The Village Elder would not only answer our questions but also challenge us to ask better questions. Defining our problems in more detail. And deem the inappropriate questions unfit to be answered.
It was never a matter of winning someone over, but how one deals with rejection.
What is the right question?
If we come back to our modern example of Google, we don’t really see the same thing happening. Google seems to be incapable of critically evaluating the validity and usefulness of our questions.
Google, among other search engines, is always willing to provide its sorted archives on almost anything you can think of. Whether it’s information on how to dispose of a human body, accessing drugs or porn, different methods of perpetuating a poor self-image and need for comparison, or in general poor advice, you can get it easily on Google.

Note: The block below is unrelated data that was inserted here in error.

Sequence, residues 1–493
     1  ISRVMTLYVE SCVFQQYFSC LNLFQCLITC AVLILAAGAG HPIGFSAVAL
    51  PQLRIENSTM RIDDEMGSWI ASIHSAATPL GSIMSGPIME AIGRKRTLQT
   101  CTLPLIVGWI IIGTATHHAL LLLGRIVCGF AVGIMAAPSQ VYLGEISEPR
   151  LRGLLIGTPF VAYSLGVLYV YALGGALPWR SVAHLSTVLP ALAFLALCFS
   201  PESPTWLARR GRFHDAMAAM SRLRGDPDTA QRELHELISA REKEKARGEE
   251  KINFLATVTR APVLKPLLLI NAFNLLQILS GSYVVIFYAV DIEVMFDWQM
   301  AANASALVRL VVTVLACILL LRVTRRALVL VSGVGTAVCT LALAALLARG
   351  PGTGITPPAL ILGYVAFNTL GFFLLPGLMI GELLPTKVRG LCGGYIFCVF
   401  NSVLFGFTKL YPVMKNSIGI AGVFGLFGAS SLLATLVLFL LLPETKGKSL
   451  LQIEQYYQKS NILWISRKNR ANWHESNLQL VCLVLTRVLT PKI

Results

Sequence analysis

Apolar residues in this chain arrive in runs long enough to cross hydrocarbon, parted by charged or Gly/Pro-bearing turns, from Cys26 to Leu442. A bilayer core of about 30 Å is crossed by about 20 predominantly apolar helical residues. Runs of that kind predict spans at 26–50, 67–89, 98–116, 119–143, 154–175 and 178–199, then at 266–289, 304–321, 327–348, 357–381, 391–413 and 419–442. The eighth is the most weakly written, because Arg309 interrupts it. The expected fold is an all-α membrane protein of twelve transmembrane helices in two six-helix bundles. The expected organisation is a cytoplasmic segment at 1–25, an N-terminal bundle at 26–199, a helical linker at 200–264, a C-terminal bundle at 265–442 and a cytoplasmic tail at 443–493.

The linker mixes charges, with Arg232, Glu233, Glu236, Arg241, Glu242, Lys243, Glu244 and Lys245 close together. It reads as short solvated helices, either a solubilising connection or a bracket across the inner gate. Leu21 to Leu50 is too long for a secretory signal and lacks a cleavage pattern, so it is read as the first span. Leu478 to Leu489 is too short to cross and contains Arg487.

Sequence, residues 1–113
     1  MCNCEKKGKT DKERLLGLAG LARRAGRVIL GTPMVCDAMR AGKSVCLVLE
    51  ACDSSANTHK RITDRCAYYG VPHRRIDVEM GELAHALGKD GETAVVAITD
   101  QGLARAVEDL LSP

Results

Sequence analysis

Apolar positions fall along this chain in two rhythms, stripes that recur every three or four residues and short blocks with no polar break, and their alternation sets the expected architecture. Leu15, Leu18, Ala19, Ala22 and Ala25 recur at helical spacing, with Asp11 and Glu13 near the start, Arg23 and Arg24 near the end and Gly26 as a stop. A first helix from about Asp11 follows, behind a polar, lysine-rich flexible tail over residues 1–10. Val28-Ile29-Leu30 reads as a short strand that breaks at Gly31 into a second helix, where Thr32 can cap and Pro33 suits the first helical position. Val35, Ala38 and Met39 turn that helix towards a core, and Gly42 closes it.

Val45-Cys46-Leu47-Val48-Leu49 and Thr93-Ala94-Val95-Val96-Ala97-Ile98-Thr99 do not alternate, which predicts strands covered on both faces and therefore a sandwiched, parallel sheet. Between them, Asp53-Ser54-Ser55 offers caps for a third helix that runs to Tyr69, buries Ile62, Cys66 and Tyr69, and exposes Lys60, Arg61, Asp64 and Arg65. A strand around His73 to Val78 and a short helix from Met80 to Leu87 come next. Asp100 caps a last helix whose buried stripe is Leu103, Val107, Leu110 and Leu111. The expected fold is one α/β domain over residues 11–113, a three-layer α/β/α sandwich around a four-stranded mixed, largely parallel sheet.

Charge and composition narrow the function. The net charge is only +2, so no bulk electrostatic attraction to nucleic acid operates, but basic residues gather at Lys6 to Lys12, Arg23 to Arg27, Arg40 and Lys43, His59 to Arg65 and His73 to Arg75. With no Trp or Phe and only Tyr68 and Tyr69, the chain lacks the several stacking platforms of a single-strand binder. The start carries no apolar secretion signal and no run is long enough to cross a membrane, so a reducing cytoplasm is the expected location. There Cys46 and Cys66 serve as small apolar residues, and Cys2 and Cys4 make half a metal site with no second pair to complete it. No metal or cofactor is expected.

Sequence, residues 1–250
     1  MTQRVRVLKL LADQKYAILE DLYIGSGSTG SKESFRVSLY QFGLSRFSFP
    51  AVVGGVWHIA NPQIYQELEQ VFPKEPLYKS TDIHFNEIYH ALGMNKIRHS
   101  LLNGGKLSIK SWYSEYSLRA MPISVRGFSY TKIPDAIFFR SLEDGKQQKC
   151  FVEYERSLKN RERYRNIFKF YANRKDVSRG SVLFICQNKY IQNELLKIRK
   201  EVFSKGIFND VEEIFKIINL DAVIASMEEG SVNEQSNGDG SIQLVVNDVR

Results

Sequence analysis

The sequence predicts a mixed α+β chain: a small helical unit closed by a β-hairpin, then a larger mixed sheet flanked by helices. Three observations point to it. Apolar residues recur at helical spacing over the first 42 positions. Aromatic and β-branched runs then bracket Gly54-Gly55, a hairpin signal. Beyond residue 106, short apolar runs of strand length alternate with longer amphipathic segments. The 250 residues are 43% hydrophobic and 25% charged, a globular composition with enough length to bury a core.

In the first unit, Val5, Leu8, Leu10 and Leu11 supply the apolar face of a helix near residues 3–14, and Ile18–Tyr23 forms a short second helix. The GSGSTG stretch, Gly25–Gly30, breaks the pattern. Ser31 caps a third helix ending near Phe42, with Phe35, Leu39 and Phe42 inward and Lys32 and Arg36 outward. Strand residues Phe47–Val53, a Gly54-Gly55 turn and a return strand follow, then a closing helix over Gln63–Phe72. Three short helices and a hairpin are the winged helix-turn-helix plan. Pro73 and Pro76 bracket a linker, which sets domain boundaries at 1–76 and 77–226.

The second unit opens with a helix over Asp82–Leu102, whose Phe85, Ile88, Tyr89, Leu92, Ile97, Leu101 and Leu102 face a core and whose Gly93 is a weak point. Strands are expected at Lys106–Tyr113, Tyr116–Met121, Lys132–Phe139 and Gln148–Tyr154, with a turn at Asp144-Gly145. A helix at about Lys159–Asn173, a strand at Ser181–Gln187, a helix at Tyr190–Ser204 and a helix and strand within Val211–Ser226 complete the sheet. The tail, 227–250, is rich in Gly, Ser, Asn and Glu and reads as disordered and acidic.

Google has to some extent acknowledged this issue, if not in communication, in action. If you search for “how to kill myself”, you might be surprised to find that most search results deal with how to get rid of suicidal thoughts, rather than ways of turning thoughts into actions. This is the result of the deliberate manipulation of search algorithms.
To know that the results can be manipulated for good, almost immediately makes you think if they can or would be manipulated for bad. Who knows who has paid Google to promote their version of bad advice in the interests of promoting their business, political opinions, or religious beliefs?